I haven’t spent much time on error handling. For instance this function assumes you already have rgdal and sp installed and loaded. If you try to use this and get an error, let me know in the comments and I’ll try to fix it. Or better yet suggest a change and I’ll throw it in!

So here is the function.

  #written by: jw hollister
  #Oct 10, 2012

  #set-up/clean-up variables
  #creates vector of all possible shapefile extensions

  #Check which shapefile files exist
    for(i in paste(layer,shapefile_ext,sep=""))

    #Set-up list of shapefiles to download
    #Set-up output file names
    outfiles<-paste(outfile,shapefile_ext,sep="")[xlogic]   }
    #Download all shapefiles
      for(i in 1:length(shapefiles))
      } else
      stop("An Error has occured with the input URL
            or name of shapefile")

And now to prove it works I can do something like the following:

#Download the NH State Boundaries
#Read shapefiles in SpatialPolygonsDataFrame
#Plot it
New Hampshire State Boundary and Senate District

New Hampshire State Boundary and Senate District

Lastly, there are some other approaches for tackling related problems listed below.


Things I Forget: Reading a Shapefile in R with readOGR

One of the more common ways that I read vector data into R is via shapefiles.  I tend to use these partly becuase of my own sordid past with Arc/INFO, ArcView and ArcGIS and partly due to their ubiquity.  In any event I have found the R package, rgdal, indespensible for this.  One of the workhorse functions for pulling in vector data is readOGR().  It has two required parameters dsn and layer. The part I never remember is how these relate to shapefiles. There is nothing especially tricky about it, I just tend to forget what the dsn is and what the layer is. In short the dsn is the directory (without a trailing backslash) and the layer is the shapefile name without the .shp.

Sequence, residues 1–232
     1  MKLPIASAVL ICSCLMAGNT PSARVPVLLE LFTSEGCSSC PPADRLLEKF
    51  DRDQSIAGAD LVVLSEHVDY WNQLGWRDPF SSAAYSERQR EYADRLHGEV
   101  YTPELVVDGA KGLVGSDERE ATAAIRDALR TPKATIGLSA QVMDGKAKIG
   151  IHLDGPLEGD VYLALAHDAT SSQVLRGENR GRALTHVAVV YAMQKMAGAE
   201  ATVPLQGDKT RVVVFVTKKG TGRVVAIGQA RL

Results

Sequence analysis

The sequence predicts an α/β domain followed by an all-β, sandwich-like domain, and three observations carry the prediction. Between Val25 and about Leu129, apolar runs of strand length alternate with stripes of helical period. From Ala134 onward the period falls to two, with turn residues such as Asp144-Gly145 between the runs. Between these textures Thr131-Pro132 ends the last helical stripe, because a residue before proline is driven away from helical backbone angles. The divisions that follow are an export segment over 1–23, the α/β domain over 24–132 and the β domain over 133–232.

So, here’s the actual code so I don’t have to look it up again.

If the shapefile you are reading is in your current working directory the dsn refers simply to that directory. So all you need is simply a “.”. The layer is the name of shapefile without an extension. So it would look something like:


Now, if that file resides elsewhere, the trick is to remember what the heck dsn refers to. Again it is simply the directory where the shapefile resides. So if I had a shapefile in a place like C:/data I would use the command like:


There, it is really quite simple, yet I always mess it up. Not any more.

I hope.

First post, and its a doozy!

Well, not really a doozy.  Just something nice and slow to get me going.

So, seeing as I intend to post stuff about R along with the other things, I thought it best to understand how all those great R bloggers embed the highlighted R code into their WordPress blogs.  As it turns out, I am not the first to do so.  Head over to the R Statistics Blog for the details.

So, does it work?


helloWorld <- function(x)
helloWorld("Hello, World!")